One last note about one of my earliest learnings to step forward… I was in my early 20’s sat face to face with my boss, a fairly formidable Scot (total pussycat underneath as it turned out) at my annual review where I was getting my first promotion at the film production company I worked for.  He favourably reviewed my work and told me what my salary increase was going to be.  I nodded and said thank you but as we continued talking I had this rising feeling of crushing disappointment at the figure, I felt I deserved more. Just as he was drawing our meeting to a close, I plucked up every ounce of courage I had, it was now or never, and I blurted out that I was a little disappointed with the increase, and gave him my reasons why I’d hoped for more.  To my amazement, his face broke into a beaming smile and he said the words I’ve never forgotten, “I’m SO pleased you spoke up, I wasn’t allowed to offer you more but was told if you asked I could”.  And lo, I got the salary I’d hoped for.  So at the ripe old age of 23 I learned ‘if you don’t ask, you don’t get’. And likewise, if you don’t step forward you miss all those opportunities for meaningful human connection or even getting that perfect dress, pillowcase, bangle sheet size!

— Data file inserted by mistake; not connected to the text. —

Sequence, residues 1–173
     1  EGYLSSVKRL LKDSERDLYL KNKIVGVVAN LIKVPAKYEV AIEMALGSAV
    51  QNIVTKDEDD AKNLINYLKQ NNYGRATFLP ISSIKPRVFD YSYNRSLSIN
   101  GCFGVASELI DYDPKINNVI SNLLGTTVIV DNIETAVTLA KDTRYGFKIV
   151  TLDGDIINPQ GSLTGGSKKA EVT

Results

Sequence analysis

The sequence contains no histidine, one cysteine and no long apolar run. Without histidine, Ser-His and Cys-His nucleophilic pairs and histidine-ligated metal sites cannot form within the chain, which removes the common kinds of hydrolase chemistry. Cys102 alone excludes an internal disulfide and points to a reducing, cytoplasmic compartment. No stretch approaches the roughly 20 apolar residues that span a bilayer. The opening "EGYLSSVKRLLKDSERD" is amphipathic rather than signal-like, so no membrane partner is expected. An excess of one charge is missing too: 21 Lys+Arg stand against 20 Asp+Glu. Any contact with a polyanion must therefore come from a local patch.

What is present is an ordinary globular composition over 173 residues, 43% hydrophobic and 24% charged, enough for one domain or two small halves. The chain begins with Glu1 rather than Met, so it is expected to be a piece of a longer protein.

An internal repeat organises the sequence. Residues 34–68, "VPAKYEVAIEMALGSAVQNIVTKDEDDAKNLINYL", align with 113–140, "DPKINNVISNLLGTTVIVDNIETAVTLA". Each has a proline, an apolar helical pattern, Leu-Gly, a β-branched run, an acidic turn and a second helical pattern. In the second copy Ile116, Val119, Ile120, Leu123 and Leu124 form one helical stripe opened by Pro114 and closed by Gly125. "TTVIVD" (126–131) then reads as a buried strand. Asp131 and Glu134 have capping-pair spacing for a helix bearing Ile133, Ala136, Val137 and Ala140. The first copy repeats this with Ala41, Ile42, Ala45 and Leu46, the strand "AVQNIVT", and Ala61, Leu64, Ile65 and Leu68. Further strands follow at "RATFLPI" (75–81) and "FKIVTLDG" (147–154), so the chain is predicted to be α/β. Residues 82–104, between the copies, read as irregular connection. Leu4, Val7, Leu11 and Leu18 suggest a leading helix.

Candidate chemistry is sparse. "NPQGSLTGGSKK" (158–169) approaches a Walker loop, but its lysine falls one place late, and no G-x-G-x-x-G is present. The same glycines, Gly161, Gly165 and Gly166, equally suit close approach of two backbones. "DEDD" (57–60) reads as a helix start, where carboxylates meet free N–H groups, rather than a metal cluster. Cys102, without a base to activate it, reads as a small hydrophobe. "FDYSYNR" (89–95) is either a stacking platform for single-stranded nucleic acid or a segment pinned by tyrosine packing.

Asking for our needs to be met can make us feel vulnerable, there’s a chance we’ll be rejected, told ‘no’.  But I truly believe life becomes all the richer for stepping outside our comfort-zones, stepping forward, taking relational risks, investing a little more of ourselves and seeing what happens in response.

I’d love to hear your examples of when you’ve put yourself out there, or what holds you back from asking for something or taking those emotional risks…

 

Authenticity, a slippery old fish.

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Tickling Trout – Frans Wesselman

“Authenticity, I think, is simply trying to find the kindest way to speak the whole truth.” Erin Loechner – Chasing Slow

I read this line a couple of nights ago and it leapt right off the page.  I am always on the hunt for just the right language to articulate the wildly wonderful search for authenticity I find myself on.  For the past few months I’ve been working with a treasured friend on ‘Operation Bloom’ and we’ve spent much of our time trying to distill into words our exhilarating, white knuckle ride experiences of tuning in to our authentic selves. Continue reading

J.F.D.I

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Stages of Change diagram courtesy of socialworktech.com

This morning a friend of mine who’d just read my ‘Creating Daily Rituals’ post messaged me to say I’d inspired her to take action. She’d already been thinking about changing her evening routine, had even written a plan but was yet to get going on it, whereas I was ‘doing the doing’.